2. You use printf non-trivially in your app.
  3. Your compiler produces object code — printf is recognized, but unresolved
  4. The linker constructs the executable, printf is tagged for run-time resolution
  5. You execute your program. Standard library is mapped in the process address space
  6. A call to printf() jumps to library code
  7. The formatted string is resolved in a temporary buffer
  8. Standard library writes to the stdout buffered stream. Eventual kernel write entry
  9. Kernel calls a driver write operation for the associated console
  10. Console output buffer is updated with the new string
  11. Output text appears on your console

Sounds better? There’s still a lot missing, including any mention of system specifics. More things to think about (in no particular order):

  • Are we using static or dynamic linkage? Normally printf is run-time linked, but there are exceptions.
  • What OS is this? The differences between them are drastic — When/how is stdout managed? What is the console and how is it updated? What is the kernel entry/syscall procedure…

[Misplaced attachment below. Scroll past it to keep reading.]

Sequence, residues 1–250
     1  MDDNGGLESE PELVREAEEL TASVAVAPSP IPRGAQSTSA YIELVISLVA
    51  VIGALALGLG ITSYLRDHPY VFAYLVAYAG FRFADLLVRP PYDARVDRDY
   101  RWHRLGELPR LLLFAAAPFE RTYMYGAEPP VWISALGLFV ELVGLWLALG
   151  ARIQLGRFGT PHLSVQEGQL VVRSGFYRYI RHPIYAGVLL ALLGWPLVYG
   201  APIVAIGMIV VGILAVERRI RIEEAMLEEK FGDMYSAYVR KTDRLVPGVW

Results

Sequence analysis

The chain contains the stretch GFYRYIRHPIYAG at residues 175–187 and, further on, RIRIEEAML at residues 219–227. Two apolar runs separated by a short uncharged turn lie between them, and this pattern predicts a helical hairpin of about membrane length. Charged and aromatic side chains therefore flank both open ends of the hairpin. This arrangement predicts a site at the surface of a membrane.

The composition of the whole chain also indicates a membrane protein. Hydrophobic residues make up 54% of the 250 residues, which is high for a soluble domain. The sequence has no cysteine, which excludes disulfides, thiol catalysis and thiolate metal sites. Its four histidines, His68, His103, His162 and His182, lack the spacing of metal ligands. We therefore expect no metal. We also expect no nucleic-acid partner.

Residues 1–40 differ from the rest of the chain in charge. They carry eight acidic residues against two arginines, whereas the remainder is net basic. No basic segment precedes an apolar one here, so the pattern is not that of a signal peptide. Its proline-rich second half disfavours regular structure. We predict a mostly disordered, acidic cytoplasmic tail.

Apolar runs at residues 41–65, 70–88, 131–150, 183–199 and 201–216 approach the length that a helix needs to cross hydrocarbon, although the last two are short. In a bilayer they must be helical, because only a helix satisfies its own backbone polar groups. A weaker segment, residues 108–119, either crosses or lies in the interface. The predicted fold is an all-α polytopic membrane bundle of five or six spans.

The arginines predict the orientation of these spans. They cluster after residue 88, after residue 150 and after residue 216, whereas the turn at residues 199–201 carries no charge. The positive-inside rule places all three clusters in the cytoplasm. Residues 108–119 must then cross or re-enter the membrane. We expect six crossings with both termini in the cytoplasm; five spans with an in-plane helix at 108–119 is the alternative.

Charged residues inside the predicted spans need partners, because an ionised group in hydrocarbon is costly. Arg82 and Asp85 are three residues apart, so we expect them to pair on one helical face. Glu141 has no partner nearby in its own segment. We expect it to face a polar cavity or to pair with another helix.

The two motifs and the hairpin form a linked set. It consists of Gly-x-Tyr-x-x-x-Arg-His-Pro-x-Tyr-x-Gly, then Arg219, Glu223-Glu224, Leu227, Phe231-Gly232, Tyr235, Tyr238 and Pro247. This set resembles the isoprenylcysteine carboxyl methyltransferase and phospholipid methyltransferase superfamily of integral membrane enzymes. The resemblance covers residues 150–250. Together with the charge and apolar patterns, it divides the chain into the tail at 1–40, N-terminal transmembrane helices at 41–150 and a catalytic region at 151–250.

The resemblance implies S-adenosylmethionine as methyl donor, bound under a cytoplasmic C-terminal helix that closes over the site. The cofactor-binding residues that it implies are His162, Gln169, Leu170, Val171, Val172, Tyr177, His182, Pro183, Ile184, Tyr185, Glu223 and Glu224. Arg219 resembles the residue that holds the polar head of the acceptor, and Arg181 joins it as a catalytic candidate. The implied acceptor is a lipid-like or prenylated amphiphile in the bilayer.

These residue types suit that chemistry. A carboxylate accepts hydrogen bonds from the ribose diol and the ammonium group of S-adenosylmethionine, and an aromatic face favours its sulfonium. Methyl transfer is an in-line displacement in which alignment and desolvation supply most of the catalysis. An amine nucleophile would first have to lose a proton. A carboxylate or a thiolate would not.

• Closely related to the OS…what kind of executable is this? If ELF, we need to talk about the GOT / PLT. If PE (Windows), then we need an import directory.
  • What kind of terminal are you using? Standard laptop/desktop? University cluster over ssh? Is this a virtual machine?
  • This list could go on forever, and all answers affect what really happens behind the scenes.

Things to know before continuing

The next part is targeted for C beginners who want to explore how functions execute through a complex system. I’m keeping the discussion at a high-level so we can focus on how many parts of the problem contribute to a whole solution. I’ll provide references to source code and technical documents so readers can explore on their own. No blog substitutes for authoritative documentation.